Yeah, Actually. It Is About the Money
Anthony J. Piccione
“It’s not about money. It’s about sending a message.”
While that exact quote might originally be from a superhero film, I think it is fair to say that it also best describes how many artists in the theatre community feel about their work, as well as what many of them still like to say to people. They talk about how theatre is about creating both high-quality entertainment and thought-provoking art, not about the money, and that anyone else in theatre that thinks differently is a fool. They are right to believe this, as anyone who seeks a career in the arts should only do it if that’s something that they are truly passionate about, and it SHOULD have nothing to do with money in any way, shape or form.
However, when you put aside the aspect that refers to why they WANT to be in theatre – as opposed to some of the decisions that some theaters have had to make in recent years – it is worth asking: Is theatre really not about the money anymore?
For years now, especially since the onslaught of the Great Recession in 2008, several theaters – both small and large – have been forced to make significant cuts or changes, or have closed down altogether. To avoid the demise that many theaters have already faced, some other theaters have taken into account what shows they should do as part of their next season, what other kind of programs or fundraisers they may host outside of their Main Stage seasons, as well as some other factors as they try to make sure that they have enough money to keep the doors open for another season after that. And of course, all of what I’ve mentioned is without even referring to how it obviously could affect the level of pay of many professional artists – who do this to pay for rent and groceries – as a result of some hard decisions theater companies have had to make.
It is a sad reality that has affected the decision-making of many people in the theatre community that otherwise might have been different, if not for the prospect of their theatre company shutting down within a year. Sure, I love seeing productions of Les Miserables and Sweeney Todd and Rent just as much as any other theatergoer. However, as I’ve stated many times in previous columns, some musicals are simply too overproduced, and when theaters are forced to stick with the “tried and true” shows each season, it hurts not just playwrights who are seeking opportunities to see their work produced, but also other artists in the theatre community who are craving for the chance to take more creative risks in their work, as well as audience members who are craving something fresh and exciting that they’ve never seen before. I mean no disrespect to any of the theaters that I may be implicitly referring to in this column, but the fact of the matter is that it negatively affects what artists in the theatre community are able to do and what kind of shows audiences will be exposed to, which in turn – in my opinion – could leave great theatre companies as mere empty shells of their former selves, simply fighting to keep their theatre company going for the sake of keeping it going. Let’s all be honest: Is that REALLY something worth fighting for? Shouldn’t we – as people involved in theatre because we strive to create great art – be hoping and fighting for more than just that?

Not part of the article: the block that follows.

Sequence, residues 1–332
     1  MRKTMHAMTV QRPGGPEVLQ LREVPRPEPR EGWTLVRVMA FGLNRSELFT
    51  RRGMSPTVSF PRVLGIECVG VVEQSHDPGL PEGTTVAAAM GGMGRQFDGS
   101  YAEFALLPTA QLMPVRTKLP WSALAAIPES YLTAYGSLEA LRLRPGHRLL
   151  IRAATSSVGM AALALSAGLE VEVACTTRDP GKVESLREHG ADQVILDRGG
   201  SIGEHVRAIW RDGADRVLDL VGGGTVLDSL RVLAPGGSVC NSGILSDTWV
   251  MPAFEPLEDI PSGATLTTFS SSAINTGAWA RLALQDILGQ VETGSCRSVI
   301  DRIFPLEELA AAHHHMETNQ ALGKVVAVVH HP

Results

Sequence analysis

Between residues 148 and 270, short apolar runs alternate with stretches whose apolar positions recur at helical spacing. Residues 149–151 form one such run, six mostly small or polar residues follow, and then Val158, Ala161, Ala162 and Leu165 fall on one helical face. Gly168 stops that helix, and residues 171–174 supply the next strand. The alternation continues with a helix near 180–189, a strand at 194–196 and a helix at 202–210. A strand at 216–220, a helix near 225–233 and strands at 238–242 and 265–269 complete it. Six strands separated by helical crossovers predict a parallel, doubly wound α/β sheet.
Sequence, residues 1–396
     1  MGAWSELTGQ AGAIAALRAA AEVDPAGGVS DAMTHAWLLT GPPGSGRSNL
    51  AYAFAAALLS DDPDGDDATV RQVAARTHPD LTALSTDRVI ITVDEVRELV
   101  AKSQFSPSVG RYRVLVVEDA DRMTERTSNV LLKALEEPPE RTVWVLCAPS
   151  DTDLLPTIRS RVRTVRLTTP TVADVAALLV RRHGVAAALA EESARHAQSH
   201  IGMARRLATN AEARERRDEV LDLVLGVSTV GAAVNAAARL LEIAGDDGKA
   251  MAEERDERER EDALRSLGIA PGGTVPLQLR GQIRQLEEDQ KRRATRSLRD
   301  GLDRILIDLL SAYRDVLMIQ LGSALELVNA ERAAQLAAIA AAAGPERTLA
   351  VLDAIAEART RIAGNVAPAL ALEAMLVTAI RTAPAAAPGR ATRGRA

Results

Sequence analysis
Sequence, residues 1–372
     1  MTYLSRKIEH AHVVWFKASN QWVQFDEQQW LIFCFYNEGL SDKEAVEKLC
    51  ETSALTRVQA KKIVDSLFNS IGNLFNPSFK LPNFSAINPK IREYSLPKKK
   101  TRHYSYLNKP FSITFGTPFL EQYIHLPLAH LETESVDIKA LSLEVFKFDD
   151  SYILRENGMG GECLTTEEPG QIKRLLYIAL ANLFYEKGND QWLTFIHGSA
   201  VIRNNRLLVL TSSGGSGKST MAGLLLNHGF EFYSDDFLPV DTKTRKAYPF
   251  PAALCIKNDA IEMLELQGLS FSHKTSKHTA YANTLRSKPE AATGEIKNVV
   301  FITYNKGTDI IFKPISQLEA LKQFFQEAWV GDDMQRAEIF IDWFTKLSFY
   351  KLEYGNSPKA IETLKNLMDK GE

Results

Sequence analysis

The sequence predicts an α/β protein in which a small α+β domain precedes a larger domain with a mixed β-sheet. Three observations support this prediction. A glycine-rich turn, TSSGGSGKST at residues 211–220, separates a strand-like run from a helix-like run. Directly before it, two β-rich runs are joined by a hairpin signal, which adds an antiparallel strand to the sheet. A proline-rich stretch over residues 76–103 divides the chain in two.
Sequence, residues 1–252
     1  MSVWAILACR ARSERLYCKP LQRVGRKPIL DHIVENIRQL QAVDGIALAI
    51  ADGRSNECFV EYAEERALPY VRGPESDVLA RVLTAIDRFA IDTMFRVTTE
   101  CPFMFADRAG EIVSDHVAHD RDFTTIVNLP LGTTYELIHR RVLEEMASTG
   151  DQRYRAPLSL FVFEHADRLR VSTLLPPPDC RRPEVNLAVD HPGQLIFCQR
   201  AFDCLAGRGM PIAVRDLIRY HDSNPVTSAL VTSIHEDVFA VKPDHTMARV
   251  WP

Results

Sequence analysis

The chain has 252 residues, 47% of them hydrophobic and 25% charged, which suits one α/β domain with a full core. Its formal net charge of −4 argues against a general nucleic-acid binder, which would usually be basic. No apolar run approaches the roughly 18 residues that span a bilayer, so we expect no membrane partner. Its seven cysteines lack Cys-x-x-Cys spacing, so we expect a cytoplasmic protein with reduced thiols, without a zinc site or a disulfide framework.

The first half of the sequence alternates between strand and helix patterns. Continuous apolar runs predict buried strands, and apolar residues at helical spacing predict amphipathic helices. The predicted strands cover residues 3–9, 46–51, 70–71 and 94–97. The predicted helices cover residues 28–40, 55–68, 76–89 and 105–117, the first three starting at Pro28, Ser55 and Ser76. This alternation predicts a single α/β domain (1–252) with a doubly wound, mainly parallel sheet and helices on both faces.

So the question is: “How do all of these issues related to money get resolved?” Well, I’m sure anyone who spends enough time in the theatre world will agree with me when I say that, ironically, the answer is…MORE money. More specifically, in this case, I’m referring to increased funding for the arts. Unfortunately, at a time where funding for the arts is under siege at the state and local level, I don’t see this improving any time soon, at least not until artists start standing up to politicians – regardless of who they are – that refuse to do enough to support arts funding. (In the last gubernatorial election here in Connecticut, for example, I personally didn’t vote for either candidate because neither was particularly friendly to the arts.) But in any case, increased funding for the arts is the only immediate solution that I can think of that would help to solve this problem of several theatre companies being under financial strain.
The bottom line is this: As someone who writes plays, has acted in several of them, worked backstage on quite a few others, and loves to go see them as an audience member when he’s not doing that, I’d love nothing more than to be able to still say that theatre is not about money, but simply about our unconditional love for the art form. It’s why I got into theatre in the first place, and I think that’s the case for most others in the theatre community, as well. However, when theaters across America – big and small – are relying on large amounts ticket sales more than ever…just to be able to stay open, I’m starting to believe – and it makes me very sad to say this – that a big part of why people in theatre have to make certain decisions is so their companies can make money. Not to make profits, mind you. Even if that were why some people were in the theatre industry, it’s hard to be able to do much of that unless this is Broadway we are talking about. I’m just talking about money to survive, so they can continue to try and make more money just to stay afloat, and continue a seemingly endless cycle of relying of money just to stay afloat.
If you ask me, few things can be more depressing to someone who loves theatre than that…